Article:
How did My Masters’ Degree Gift Me Depression?

My Masters' degree came with Depression.
Written by Ipsa James

“What does not kill me makes me stronger” – Friedrich Nietzsche

This statement became a lot more meaningful to me well before I received my Master’s degree. The educational institution had given me a lot more than just a degree. But was I happy to receive the gift of Depression?

What was my experience with Depression like?

It’s been 6 years since I came into this field. During my second year of Masters, I realized that I had been experiencing the sadness of mood since the start of 2015. It was not long till other symptoms of Depression gripped me and I was depressed. I was clinically depressed, to be exact.

I’d be lying in bed for hours, not wanting to play my guitar, study, read novels or sketch. Nothing would give me the  kind of satisfaction and happiness as they used to. My go-to option was eating and my body weight shot up from 74 kilograms to 89 kilograms in just 6 months!

Things had been moving really drastically for me. I would get out of bed and question my very existence. I had to make a lot of effort to focus on the things I was supposed to do. Simple tasks like getting out of bed, brushing my teeth, saying good morning to my parents felt like writing a thesis on Karl Marx’s idea of capitalism. They felt almost impossible.

If mornings were hard and excruciating, nights were even worse. I was constantly feeling like I was not growing as a person- neither academically or professionally. This just added to the pile of issues I was dealing with at the time!

How did my educational institute contribute to it?

The issues with the educational institute were even graver than I had ever imagined they would be. The teachers never turned up, the drab academic assignments and the pressure of maintaining attendance was overwhelming. Furthermore, the theories which we were taught could not apply on clients! The fact that we were still being taught outdated theories by the teachers was extremely disheartening. The teachers who did turn up and cared about the students in their classes felt like sympathy for the miserable state of affairs we were in.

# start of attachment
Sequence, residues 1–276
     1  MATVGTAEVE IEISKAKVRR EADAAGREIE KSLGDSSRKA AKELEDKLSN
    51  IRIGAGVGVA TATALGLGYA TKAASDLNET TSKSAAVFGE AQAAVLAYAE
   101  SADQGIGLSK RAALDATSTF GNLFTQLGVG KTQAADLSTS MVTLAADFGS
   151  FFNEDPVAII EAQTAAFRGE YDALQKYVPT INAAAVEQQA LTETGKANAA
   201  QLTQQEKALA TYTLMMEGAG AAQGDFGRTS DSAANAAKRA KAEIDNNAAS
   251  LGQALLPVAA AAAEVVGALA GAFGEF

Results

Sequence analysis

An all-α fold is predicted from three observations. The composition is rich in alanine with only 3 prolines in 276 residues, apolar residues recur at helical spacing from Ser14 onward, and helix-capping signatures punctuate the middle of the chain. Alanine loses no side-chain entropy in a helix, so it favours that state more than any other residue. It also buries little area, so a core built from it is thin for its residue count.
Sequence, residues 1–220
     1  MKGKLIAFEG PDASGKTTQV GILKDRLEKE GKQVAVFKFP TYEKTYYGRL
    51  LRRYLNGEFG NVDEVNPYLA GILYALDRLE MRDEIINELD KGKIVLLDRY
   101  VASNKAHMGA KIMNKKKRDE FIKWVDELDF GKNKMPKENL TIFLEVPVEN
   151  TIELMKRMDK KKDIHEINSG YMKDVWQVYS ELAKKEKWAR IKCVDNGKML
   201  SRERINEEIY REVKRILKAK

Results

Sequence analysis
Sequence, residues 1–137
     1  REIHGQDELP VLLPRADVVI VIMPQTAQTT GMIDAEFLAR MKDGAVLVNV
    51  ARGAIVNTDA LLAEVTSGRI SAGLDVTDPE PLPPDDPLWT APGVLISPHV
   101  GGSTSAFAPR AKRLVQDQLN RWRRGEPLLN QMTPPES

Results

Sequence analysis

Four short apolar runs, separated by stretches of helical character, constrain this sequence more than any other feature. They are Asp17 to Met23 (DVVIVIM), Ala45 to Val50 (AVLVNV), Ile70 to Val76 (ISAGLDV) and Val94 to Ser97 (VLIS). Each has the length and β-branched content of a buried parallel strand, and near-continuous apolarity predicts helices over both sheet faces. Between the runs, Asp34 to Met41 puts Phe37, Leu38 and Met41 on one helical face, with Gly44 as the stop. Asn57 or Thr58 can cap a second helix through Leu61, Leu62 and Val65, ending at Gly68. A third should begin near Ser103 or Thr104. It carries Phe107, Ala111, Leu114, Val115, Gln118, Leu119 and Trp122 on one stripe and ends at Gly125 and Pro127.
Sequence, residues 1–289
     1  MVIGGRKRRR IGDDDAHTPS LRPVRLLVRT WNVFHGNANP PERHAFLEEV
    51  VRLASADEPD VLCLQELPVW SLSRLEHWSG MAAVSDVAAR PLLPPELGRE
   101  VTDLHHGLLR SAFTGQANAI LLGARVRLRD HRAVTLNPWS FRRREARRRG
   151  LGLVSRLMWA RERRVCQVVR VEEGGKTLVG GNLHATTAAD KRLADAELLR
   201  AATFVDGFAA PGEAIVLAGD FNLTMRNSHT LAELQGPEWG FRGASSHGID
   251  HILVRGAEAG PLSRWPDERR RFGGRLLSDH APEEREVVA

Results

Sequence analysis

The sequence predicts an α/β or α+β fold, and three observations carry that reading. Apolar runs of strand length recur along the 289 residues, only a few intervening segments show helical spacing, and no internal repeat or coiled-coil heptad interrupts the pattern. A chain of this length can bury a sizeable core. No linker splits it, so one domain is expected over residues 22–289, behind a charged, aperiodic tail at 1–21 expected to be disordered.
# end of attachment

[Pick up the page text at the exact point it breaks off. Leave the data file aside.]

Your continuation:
In those two years of Masters, I could feel my mind fade away- it was almost like living in a brain fog. Whatever I had studied in my bachelors, I had started to forget. It was one of the worst time periods and I see that I still carry that baggage around of being from an institute which put me through hell. It has been a year since I graduated and I have been going to supportive therapy since then.

A counselor helped me fight Depression.

One would think how an educational institution can make someone feel this way. Well, the university I studied at has its own ways. You are literally not taught anything relevant to the field- academically or practically. The only practical knowledge that you receive is from going to clinics for internships.

One thing I learned from my institution was that the human brain is capable of withstanding the most adverse of human experiences. The immense strength that all of us have can only be realized when we are put through something that we are not sure if we would survive.

Conclusion

The adversities that I faced in my college made me suffer from Depression. But, they also taught me that I am  strong enough to handle such a prolonged adverse experience. Attending therapy sessions helped me learn from my experience and grow as a person. 

I have not written this article to badmouth an educational institute. Rather, the purpose was to cast light on the urgent need for improvement in our educational system. This is a necessary step for safeguarding the mental health of millions of students in this country.

If you know someone who is suffering from Depression, help them overcome this obstacle by connecting them to a counselor from Mind Solace.

About the author

Ipsa James

The friendly neighbourhood queer intersectional feminist therapist. I have been working with LGBTQAI+ community for over 6 years now. Specializes in therapy for Trauma and Personality Disorders.

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